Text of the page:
When campus police at the University of California, Davis, pepper-sprayed peaceful student protesters at point-blank range during an Occupy Wall Street rally on Nov. 18, shocking video of the unprovoked attack prompted national outrage—and demands for the immediate dismissal of top UC officials. That’s when Mark Yudof, the beleaguered president of the 10-campus state university system, turned to William J. Bratton, chairman of the Kroll private investigative and security firm, to lead the internal probe of the policing and PR disaster.
Bratton, 64, who likes to refer to himself as “America’s Top Cop” (at least in the title of his 1998 autobiography), is an old hand at coping with disaster and, on occasion, turning it into triumph. The former commissioner of both the Boston and New York police departments, he had the dubious honor of presiding over a calamity much worse than pepper spray as chief of the LAPD on the night of May 1, 2007—and then trying to reassemble the fragments of a damaged department.
“I think of that as one of the most significant crises I ever faced, and certainly one of the most significant successes,” Bratton tells Newsweek about the “May Day Melee” in downtown Los Angeles’s MacArthur Park, where hundreds of cops went on a violent rampage against innocent demonstrators, who were touting citizenship for illegal immigrants, and members of the news media. “The night before, I’d had the last public hearing on my reappointment as police chief, and that had been a lovefest. The next day, literally, the world turned upside down.”
Bratton, who still sounds like the Boston street cop he once was, devotes much of a chapter to the MacArthur Park melee in Collaborate or Perish! Reaching Across Boundaries in a Networked World, the new book he has coauthored with Harvard public policy administrator Zachary Tumin. “In the aftermath,” Bratton says, “I refocused the department, and reaffirmed relationships with the minority communities, particularly the Latino and immigrant communities”—as well as demoted and reassigned several high-ranking cops who’d made bad decisions because of a failure to work together. He also apologized profusely and repeatedly to the media (who, after all, have always been one of his key constituencies). “And we included that as an example of collaborations which had not worked because of a failure of leadership.”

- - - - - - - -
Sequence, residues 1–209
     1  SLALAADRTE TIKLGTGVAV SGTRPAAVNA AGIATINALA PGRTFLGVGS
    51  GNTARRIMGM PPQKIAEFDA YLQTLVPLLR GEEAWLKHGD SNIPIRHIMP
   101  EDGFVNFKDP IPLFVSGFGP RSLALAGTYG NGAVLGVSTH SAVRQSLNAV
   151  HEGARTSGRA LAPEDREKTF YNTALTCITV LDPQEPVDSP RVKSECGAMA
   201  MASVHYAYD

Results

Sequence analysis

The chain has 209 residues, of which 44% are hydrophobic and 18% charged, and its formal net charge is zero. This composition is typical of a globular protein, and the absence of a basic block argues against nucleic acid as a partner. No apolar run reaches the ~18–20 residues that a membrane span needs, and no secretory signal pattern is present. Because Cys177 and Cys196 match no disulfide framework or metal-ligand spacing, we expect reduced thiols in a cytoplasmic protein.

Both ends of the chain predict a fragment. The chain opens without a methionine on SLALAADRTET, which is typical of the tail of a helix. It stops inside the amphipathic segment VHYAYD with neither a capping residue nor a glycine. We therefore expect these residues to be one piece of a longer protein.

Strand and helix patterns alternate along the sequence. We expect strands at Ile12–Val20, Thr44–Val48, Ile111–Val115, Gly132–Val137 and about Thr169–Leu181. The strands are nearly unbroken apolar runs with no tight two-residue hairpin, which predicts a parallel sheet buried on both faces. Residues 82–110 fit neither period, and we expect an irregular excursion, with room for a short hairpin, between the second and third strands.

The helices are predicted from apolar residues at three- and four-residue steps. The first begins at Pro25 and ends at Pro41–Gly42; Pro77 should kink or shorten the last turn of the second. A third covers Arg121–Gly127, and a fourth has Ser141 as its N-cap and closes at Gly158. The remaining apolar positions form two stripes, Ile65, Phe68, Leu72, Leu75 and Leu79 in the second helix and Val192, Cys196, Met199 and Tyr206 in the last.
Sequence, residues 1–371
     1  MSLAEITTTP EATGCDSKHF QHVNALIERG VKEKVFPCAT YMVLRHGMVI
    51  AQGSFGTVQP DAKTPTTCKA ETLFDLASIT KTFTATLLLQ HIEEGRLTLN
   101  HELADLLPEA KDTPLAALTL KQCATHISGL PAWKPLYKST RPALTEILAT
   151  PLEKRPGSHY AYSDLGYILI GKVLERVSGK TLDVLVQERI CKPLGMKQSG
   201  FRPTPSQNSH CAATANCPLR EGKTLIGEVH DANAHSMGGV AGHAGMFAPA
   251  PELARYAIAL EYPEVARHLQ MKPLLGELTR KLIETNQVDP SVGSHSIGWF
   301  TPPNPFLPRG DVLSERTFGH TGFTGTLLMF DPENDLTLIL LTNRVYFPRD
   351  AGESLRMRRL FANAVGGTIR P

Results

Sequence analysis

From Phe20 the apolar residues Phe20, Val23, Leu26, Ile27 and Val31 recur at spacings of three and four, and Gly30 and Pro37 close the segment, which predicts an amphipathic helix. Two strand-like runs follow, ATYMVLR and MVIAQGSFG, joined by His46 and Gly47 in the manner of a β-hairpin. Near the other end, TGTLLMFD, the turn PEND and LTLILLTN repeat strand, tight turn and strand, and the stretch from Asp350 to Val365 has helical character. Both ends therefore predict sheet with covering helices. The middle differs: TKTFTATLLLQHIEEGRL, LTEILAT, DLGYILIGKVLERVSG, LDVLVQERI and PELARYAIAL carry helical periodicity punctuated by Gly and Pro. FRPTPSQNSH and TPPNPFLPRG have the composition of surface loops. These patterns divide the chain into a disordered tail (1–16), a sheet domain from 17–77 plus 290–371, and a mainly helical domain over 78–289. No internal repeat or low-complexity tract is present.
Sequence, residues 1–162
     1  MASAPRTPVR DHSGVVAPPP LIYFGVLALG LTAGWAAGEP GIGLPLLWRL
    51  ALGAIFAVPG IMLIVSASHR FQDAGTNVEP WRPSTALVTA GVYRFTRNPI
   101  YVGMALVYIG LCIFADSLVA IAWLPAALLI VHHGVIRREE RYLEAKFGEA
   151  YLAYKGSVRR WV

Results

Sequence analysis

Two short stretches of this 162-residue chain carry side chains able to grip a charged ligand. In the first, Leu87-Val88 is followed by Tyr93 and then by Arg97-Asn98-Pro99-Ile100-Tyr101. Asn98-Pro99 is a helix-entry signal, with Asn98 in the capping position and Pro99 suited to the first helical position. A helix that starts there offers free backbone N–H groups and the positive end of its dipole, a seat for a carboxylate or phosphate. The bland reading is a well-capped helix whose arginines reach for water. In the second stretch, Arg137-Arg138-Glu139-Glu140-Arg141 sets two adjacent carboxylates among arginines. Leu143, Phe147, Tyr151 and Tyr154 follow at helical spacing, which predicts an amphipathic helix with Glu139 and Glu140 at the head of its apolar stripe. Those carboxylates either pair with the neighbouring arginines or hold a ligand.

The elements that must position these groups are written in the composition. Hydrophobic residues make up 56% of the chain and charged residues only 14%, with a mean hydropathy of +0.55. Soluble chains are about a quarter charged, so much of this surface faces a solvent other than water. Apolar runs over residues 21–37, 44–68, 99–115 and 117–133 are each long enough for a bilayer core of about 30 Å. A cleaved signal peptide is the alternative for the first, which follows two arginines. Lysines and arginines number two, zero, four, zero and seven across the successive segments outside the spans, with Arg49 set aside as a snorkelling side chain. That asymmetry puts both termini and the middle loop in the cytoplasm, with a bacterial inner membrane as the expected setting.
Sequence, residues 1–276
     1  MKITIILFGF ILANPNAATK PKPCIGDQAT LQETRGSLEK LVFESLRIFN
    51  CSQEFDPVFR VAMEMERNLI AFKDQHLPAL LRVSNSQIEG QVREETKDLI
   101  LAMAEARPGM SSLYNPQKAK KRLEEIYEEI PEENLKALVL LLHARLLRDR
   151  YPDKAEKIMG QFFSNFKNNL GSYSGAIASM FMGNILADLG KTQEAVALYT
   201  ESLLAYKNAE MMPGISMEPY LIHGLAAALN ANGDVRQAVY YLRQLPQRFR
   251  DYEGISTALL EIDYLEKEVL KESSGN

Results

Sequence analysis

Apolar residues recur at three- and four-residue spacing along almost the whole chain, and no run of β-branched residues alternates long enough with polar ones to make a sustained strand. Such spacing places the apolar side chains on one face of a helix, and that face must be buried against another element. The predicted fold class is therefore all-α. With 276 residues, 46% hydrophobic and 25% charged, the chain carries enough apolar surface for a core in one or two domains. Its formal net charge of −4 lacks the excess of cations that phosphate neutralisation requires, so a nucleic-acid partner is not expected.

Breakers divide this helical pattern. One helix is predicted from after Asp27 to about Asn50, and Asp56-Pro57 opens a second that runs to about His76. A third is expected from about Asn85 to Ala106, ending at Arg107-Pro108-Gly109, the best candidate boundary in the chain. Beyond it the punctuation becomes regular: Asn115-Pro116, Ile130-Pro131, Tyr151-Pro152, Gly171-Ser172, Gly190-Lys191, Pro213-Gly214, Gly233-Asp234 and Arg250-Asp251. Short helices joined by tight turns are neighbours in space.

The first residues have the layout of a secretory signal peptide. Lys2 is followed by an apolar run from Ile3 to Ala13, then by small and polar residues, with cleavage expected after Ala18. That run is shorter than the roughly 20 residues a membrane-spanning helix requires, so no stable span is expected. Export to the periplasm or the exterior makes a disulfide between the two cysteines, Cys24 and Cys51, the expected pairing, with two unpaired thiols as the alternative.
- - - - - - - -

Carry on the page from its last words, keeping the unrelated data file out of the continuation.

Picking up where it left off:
It’s one of dozens of case studies that Bratton and Tumin draw from government agencies and corporate America—everything from Alcoa Chief Executive (and later Bush II Treasury Secretary) Paul O’Neill’s crusade to eliminate workplace injuries in the service of increased profits, to the federal bailout and temporary government management of troubled automakers General Motors and Chrysler. In each case, the authors argue, successful outcomes relied on eight practical rules of effective collaboration, including having a vision, “right-sizing” the goal, sharing credit and/or power and money, and fostering the necessary political support.
The irony is not lost on Bratton that law enforcement has long been a hotbed of anti-collaborative dysfunction—the kind of bureaucratic infighting and unwillingness to share information between agencies that contributed to 9/11 (and resulted in the creation of the Department of Homeland Security, on whose advisory council Bratton sits as vice chairman). When Bratton was picked by New York Mayor Rudolph Giuliani to run the NYPD, he encountered fiefdoms and turf wars that he sought to quash by developing the now widely replicated CompStat method of holding commanders and street cops alike accountable for crime reduction.
Bratton, who calls himself “a very good transformational leader” who uses “fear and intimidation” when necessary, freely admits he’s been blessed with a big ego. That made him an ultimately unsuccessful collaborator with Giuliani, who gave Bratton the boot after two years as commissioner (during which various magazine cover stories praised Bill more than Rudy for New York’s drop in crime).
But those qualities can be expected to help him get to the bottom of the UC Davis incident; his report on the campus police is due in early January. Bratton declines to comment on the investigation, but it’s a safe bet that one of his conclusions will be a lack of collaboration.